About 15 percent of women are affected

As explained on Austria’s public health portal “Gesundheit.gv.at”, PCO syndrome (polycystic ovarian syndrome, PCOS) is the most common hormonal disorder in women.

In Germany, around 15 percent of women of childbearing age suffer from PCOS. According to the DDG, the balance of sex hormones is disrupted. An excess of male hormones can therefore lead to a masculinization of the female silhouette. In addition, according to the male distribution pattern, scalp hair falls out and grows in other places.

Too much testosterone also interferes with the development of the follicles. This manifests itself as a menstrual cycle disorder and infertility. In the ultrasound examination of the ovaries, a typical string-like arrangement of the follicles is visible in more than 70 percent of the cases.

“These many small cysts gave the disease its name,” explains private lecturer Dr. med. Susanne Reger-Tan, Head of the Diabetes Center Diabetologikum DDG at the Clinic for Endocrinology, Diabetology and Metabolism at the University Clinic Essen.

Hard to break vicious circle

However, the term “PCOS” does not reveal the close connection with type 2 diabetes at first glance. Because the metabolism is also affected: many patients are very overweight, which, despite all the efforts, simply does not want to give way. This is due to an also occurring insulin resistance.

“The reduced sensitivity of the body’s cells to react to insulin leads to an excess of insulin in the blood,” says Reger-Tan. This in turn stimulates further weight gain and increases the excess of male hormones.

This begins a vicious circle that is difficult to break of insulin resistance, weight gain, even more male hormones and further dulling of the body’s cells against insulin.

As a result, there is a risk of metabolic diseases such as type 2 diabetes and gestational diabetes at an early age.

Individual approach regarding the choice of therapy

As the DDG writes, the variety of symptoms in PCOS, which can also be present in different forms – requires an individual approach with regard to the choice of therapy:

“The optimal treatment strategy is based on the symptoms and the individual suffering of the woman concerned. In any case, it should also include concepts for avoiding long-term complications such as diabetes, ”explains Reger-Tan.

This includes the consistent clarification, monitoring and, if necessary, therapy of possible metabolic diseases, says the endocrinologist, diabetologist and nutritionist. Reger-Tan regrets that there is still no approved pharmacotherapy for the treatment of PCOS.

“Every practitioner and patient should know about the high risk of diabetes – this is the only way to control the possible consequences of PCOS,” says Professor Dr. med. Matthias M. Weber, media spokesman for the German Society for Endocrinology (DGE). (ad)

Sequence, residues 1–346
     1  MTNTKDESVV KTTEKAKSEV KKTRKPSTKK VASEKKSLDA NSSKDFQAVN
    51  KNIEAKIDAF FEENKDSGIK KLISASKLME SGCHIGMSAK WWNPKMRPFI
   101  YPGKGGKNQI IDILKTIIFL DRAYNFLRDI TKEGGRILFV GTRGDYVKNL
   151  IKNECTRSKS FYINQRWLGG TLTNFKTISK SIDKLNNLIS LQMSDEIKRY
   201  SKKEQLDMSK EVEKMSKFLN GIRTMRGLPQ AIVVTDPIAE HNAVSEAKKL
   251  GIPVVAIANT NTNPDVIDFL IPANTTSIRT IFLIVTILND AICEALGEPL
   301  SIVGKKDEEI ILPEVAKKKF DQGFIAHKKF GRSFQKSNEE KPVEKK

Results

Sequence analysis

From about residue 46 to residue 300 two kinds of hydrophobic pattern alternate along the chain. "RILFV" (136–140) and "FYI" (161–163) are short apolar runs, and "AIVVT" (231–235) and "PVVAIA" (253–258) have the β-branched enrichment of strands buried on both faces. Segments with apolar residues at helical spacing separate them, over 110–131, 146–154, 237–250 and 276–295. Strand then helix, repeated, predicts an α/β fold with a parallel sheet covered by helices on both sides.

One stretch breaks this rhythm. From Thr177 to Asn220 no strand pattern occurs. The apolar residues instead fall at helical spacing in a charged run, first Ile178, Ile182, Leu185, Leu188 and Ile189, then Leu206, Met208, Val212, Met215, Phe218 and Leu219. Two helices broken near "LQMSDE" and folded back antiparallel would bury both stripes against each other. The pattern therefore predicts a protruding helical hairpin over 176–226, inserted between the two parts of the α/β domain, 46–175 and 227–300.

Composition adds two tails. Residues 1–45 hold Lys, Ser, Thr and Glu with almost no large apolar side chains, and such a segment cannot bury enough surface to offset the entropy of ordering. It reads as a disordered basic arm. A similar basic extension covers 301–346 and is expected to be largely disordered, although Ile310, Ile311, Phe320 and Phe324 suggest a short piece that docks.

Author and source information

This text complies with the requirements of specialist medical literature, medical guidelines and current studies and has been checked by medical professionals.

Swell:

  • German Diabetes Society: Polycystic Ovary Syndrome (PCOS) is often associated with type 2 diabetes, (accessed: June 8, 2021), German Diabetes Society
  • Public health portal in Austria: www.gesundheit.gv.at: Polycystic Ovar Syndrome (PCOS), (accessed: June 8, 2021), Gesundheit.gv.at

Important NOTE:
This article is for general guidance only and is not intended to be used for self-diagnosis or self-treatment. He can not substitute a visit at the doctor.

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Corona vaccination particularly important for people with liver disease – healing practice

COVID-19 vaccination for people with liver disease

The declining corona infection numbers give cause for hope. They can also be traced back to the vaccinations against the SARS-CoV-2 coronavirus or the COVID-19 disease caused by the pathogen. But not all particularly vulnerable people have been vaccinated yet. Vaccination is particularly important for some people – including those with liver disease.

In more and more federal states, vaccination prioritization for medical practices is being lifted. Many people with liver disease and liver transplants are among the priority people to be vaccinated. The German Liver Aid e. V., the German Liver Foundation and the Gastro-Liga e. V. emphasize the importance of the COVID-19 vaccination for this risk group.

Increased risk of liver disease

“The Standing Vaccination Commission (STIKO) regularly evaluates the recommendation for COVID-19 vaccination, taking into account the vaccination rates, the surveys on vaccination acceptance and studies on vaccination effectiveness and safety,” explains Professor Dr. Christoph Sarrazin, CEO of Deutsche Leberhilfe e. V. in a communication.

“Among the diseases that, according to studies, could currently be associated with an increased risk of a severe COVID-19 course, the STIKO includes cirrhotic and severe liver diseases – including liver cirrhosis, chronic liver failure and post-liver transplantation,” said the expert.